Pay It Backward
If Six Feet Under is using “Calling All Angels” as a means to realize one of its loftier cinematic ambitions, it is somewhat amusing to note that “Calling All Angels” itself was a song that was originally born into cinema. Two years before Siberry included it on her When I Was a Boy album, the song appeared on the soundtrack to German auteur Wim Wenders’ troubled 1991 film Until the End of the World. To this day, the soundtrack album retains a lasting reputation as one of the finest soundtracks of the 1990s, even if the film itself was a failure. This is merely a footnote, however, compared to the song’s other cinematic usage, as the end credits theme to Mimi Leader’s painfully simpleminded Christ-figure allegory, Pay It Forward (2000). In that film, an earnest pre-adolescent played by Haley Joel Osment, at the urging of his emotionally damaged teacher (Kevin Spacey, done up in punishingly literal scar makeup), begins an experiment to make the world a better place through a series of charitable, if occasionally ill advised, good deeds. The boy’s experiment eventually becomes a fairly widespread cultural movement and (spoiler warning!) after he is killed defending a friend from a bully, the film ends with hoards of people swarming to the family’s home for a candlelight vigil, fading out on “Calling All Angels” as the credits roll.
Pay It Forward was not a success commercially (its domestic box office take stalled around $33 million) or critically (the reviews were generally scathing), but the film does seem to have taken on something of a second life on DVD and cable television. An argument could easily be made that it is exactly the kind of film that a certain audience, one that generally goes unrepresented by both critical raves and box office dollars, eventually finds after the various gatekeepers of cinematic relevance have long discarded and forgotten it; the kind of film, in fact, that is embraced not despite but rather because of its mawkish sentimentality (for further examples of this uncool subset of the “cult” movie, see also The Notebook, or anything by Tyler Perry). That Pay It Forward has developed some kind of legacy beyond that of a high profile bomb means that, like it or not, the film has become part of the legacy of “Calling All Angels” as well.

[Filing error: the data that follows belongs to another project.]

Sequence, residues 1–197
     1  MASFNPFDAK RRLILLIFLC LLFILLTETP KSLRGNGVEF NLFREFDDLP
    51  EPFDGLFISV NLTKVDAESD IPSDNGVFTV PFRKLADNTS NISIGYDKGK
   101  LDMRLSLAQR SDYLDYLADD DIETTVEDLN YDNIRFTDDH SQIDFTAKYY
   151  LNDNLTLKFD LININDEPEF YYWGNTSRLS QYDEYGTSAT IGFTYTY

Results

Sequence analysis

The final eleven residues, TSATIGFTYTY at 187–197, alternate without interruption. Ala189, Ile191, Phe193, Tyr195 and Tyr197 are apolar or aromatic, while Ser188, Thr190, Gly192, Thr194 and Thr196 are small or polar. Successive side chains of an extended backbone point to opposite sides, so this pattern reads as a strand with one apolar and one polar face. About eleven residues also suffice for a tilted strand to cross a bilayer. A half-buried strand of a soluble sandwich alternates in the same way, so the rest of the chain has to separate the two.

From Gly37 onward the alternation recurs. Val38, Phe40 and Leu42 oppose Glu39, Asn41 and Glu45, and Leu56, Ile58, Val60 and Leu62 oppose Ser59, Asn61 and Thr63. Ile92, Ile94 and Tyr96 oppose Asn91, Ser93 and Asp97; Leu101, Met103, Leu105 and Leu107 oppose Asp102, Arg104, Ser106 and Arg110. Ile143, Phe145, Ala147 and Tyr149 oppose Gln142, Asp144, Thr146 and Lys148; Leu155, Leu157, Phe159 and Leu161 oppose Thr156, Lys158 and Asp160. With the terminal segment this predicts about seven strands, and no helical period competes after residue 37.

It may be reaching to suggest that Six Feet Under “reclaims” “Calling All Angels” from Pay It Forward, but someone may have had just that in mind. Odds are that it was Jill Soloway, the writer of the episode (lets hope it wasn’t Alan Ball cruelly lambasting Kevin Spacey for his post-American Beauty string of flops), who gives the episode a subplot in which Vanessa (Justina Machado), the momentarily estranged wife of Fisher family business partner and employee Rico (Freddy Rodriguez), hires a nanny to help out with the house and children. The nanny (played by Jayma Mays, currently on Glee) turns out to be airheaded, negligent and wildly unprofessional, using the kids to help record her audition tape for Survivor. Vanessa finally fires her when she realizes that the nanny has allowed a homeless man into the house (she is making him pancakes when Vanessa walks in to find the disheveled man sitting in her living room), in a scene that rather explicitly mirrors a similar occurrence in Pay It Forward. In having Vanessa tell off the nanny (and in the show’s playing the character for comic relief), Six Feet Under offers a sly dismissal of the Pay It Forward philosophy, as it were, as dangerously naïve. It’s Jean-Luc Godard’s axiom of “the best way to criticize a movie is to make another movie” wittily put into practice, though one wonders if whoever was behind the slight was less concerned with debunking the dubiousness of Pay It Forward‘s message than they were with remedying the possibility of so great a song becoming forever associated with so lousy a film.